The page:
Wednesday, 8 May 2019

Questions (1054)

Stephen Donnelly

Question:

1054. Deputy Stephen Donnelly asked the Minister for Health the knock-on effects for the CervicalCheck system further to the announcement that the main Irish laboratory (details supplied) used by CervicalCheck is to cease accepting new smears from general practitioners as part of arrangements to clear its backlog of tests; and if he will make a statement on the matter. [19956/19]

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Written answers (Question to Health)

In April 2018, following issues which had emerged in relation to the CervicalCheck screening programme, I made the decision to offer free out of cycle smears to any woman who was concerned about her health, where her GP felt she should have a further test as part of her reassurance.

Approximately 112,000 consultations were provided by GPs, and 57,810 early repeat smear tests were provided between the 1st of May and the 31st of December – in other words, about half of the consultations resulted in a smear test.

Laboratory turnaround times have increased since that time as a consequence both of the 57,000 or so out of cycle smears and the increased uptake generally. The CervicalCheck programme has agreed with laboratories to prioritise those slides which originate from women who attended colposcopy, as this cohort of women are considered to have the most serious need. In addition, agreement has been reached with the laboratory with the largest backlog to process tests based on a HPV initial testing model; i.e. HPV testing will be carried out on samples prior to cytology. I am advised that this approach was chosen as the most effective way to process all outstanding tests based on prioritising women most at risk.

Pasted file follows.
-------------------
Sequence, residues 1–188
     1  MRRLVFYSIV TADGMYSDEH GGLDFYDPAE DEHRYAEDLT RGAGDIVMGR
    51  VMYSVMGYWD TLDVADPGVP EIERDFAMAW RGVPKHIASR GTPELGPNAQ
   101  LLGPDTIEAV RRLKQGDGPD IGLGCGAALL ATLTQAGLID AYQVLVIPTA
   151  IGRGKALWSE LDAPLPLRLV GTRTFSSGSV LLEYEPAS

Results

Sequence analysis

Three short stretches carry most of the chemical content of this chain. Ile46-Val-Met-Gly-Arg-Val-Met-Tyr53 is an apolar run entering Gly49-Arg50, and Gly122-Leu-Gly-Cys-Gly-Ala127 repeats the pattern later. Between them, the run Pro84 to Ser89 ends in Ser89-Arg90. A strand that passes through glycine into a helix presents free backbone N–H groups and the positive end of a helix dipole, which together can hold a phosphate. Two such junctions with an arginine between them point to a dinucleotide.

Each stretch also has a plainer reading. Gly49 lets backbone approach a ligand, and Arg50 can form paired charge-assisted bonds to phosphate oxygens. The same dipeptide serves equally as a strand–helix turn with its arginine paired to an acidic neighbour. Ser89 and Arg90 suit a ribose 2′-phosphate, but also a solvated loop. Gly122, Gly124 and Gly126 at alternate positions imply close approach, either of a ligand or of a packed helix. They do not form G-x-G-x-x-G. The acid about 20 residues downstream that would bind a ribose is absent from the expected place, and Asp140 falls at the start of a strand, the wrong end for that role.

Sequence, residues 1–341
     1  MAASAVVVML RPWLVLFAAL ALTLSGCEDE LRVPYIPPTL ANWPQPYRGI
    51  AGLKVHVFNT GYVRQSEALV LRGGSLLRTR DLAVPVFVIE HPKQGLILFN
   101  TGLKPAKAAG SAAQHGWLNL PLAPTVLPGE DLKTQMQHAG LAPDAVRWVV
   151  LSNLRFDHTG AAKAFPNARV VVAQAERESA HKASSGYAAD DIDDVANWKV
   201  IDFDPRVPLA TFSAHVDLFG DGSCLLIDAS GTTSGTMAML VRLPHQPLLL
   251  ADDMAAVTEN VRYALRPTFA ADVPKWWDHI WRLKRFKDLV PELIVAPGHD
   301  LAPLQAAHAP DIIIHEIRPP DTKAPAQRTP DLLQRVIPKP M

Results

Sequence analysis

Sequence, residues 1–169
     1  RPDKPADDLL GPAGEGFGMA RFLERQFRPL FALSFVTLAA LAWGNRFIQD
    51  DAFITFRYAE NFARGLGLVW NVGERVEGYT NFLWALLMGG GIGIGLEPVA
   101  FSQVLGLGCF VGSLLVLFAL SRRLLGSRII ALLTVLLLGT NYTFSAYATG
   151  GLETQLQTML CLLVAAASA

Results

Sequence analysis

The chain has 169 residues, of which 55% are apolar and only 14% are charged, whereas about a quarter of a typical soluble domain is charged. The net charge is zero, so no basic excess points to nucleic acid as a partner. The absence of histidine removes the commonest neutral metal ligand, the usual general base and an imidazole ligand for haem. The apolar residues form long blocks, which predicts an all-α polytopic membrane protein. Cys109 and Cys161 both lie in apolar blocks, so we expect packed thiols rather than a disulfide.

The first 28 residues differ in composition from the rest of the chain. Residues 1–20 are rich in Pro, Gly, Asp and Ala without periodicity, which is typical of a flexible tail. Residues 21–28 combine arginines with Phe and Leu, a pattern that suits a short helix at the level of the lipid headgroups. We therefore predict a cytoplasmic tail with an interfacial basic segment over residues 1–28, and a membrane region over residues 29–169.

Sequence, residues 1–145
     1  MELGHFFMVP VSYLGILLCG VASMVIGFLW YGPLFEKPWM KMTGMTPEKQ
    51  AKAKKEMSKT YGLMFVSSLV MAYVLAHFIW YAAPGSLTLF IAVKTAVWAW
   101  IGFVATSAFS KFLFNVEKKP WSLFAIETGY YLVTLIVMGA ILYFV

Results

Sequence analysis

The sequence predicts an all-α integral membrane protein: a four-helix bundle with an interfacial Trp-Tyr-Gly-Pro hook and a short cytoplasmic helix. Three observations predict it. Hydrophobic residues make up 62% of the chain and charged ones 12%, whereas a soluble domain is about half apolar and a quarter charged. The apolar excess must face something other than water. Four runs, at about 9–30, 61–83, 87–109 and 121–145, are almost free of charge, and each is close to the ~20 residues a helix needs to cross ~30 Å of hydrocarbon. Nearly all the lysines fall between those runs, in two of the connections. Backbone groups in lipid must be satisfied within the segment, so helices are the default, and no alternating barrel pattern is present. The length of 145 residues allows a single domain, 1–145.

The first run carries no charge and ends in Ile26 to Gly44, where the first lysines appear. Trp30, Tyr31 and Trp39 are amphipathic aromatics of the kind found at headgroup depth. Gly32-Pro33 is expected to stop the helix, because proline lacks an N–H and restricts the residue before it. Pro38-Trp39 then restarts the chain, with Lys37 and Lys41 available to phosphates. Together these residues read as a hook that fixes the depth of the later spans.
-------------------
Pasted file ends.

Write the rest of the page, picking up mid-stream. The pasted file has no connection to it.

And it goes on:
However, the HSE has advised that the natural history of cervical cancer would indicate that the disease would normally develop over a period of 10 to 15 years. It has said that in this context, a delay in the return of cervical screening results, whilst undesirable, is not necessarily dangerous and poses a very low risk to women.

Nevertheless, the reduction of turnaround times is a priority. With the programme now back to normal call-recall procedures, lab turnaround times are improving and more than half of tests are being returned in 9 weeks. However, they can be as long as 33 weeks and this remains a significant challenge. The HSE is continuing to work actively to reduce these turnaround times. In order to do so, it has been undertaking a global search for additional laboratory capacity to support the programme. Additional capacity has now been identified and the HSE is currently working to agree commercial arrangements, and complete quality assurance processes, to enable it to incorporate this capacity into the CervicalCheck programme. Ensuring the programme is fully supported, in the interests of public health, remains my priority.